Written By: Ben Endley | 2/2/16
THE BBC is set to offer writing jobs on its top drama shows exclusively to candidates from ethnic minority backgrounds, women and the disabled.
The successful applicants will not need any experience in the industry and will be mentored by national head of drama Polly Hill. The opportunities will be limited to female candidates, those with disabilities and those from black, Asian or other ethnic minority backgrounds.
BBC head of drama (North) Hilary Martin said: “Assistant script editor is a role that sometimes gets squeezed but it is a really important role to learn your craft and one we feel could be a really amazing jumping-off point for diverse talent.”
After a one-year fixed-term contract, the editors – one based in London and the other in Salford, Glasgow, Birmingham or Cardiff – are likely to be given the chance to progress.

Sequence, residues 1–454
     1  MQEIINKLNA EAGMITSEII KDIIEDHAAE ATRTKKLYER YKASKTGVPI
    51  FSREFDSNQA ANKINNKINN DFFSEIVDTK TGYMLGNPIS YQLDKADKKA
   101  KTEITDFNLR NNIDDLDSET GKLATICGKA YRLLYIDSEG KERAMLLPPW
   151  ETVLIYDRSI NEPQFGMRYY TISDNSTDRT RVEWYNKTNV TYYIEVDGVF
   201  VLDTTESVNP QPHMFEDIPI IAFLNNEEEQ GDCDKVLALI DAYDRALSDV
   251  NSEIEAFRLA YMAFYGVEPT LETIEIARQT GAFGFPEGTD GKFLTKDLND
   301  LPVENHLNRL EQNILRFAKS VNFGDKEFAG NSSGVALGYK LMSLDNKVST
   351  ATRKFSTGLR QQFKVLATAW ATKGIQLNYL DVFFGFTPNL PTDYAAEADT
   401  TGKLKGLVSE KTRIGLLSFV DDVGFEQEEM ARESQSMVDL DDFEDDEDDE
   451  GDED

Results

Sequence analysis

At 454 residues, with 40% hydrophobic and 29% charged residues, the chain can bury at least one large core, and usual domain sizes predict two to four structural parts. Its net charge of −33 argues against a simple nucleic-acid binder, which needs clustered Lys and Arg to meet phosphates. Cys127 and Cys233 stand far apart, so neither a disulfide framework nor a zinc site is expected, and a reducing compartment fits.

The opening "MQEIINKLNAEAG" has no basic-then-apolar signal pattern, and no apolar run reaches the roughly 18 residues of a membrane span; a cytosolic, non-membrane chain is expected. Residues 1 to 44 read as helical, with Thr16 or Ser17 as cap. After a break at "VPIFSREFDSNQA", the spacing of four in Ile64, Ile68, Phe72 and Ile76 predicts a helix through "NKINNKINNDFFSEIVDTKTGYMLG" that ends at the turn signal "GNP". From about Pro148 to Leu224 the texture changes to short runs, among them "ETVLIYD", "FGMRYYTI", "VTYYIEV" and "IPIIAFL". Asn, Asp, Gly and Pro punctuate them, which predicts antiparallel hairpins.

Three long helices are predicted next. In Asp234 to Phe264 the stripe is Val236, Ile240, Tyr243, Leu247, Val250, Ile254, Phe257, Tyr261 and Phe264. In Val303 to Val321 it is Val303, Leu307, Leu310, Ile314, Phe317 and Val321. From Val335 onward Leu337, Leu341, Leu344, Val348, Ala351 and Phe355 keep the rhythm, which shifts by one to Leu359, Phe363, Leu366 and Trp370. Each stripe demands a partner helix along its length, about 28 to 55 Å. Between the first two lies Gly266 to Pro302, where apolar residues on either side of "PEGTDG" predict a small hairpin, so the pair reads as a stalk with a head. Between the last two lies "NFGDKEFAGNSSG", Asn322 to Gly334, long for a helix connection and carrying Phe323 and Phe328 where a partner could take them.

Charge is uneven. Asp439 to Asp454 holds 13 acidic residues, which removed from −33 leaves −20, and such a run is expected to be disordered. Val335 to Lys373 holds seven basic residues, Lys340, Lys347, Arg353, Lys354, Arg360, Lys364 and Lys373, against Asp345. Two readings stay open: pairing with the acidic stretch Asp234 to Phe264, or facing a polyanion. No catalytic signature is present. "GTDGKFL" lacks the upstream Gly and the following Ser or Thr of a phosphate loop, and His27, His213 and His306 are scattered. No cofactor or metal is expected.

Ms Martin said: “This is a new opportunity for new talent to break into the BBC and grow a career.”
The BBC had been criticised by Conservative MP Philip Davies over its “racist” hiring policies. Speaking in 2014, the MP for Shipley, West Yorks, said: “The true racists are people who see everything in terms of race when what we should surely be is colour blind.
“It is racist policy to get a certain amount of people from an ethnic minority into jobs.
“If I have a white, working class constituent who wants that opportunity, why should they be deprived because of these politically correct targets?”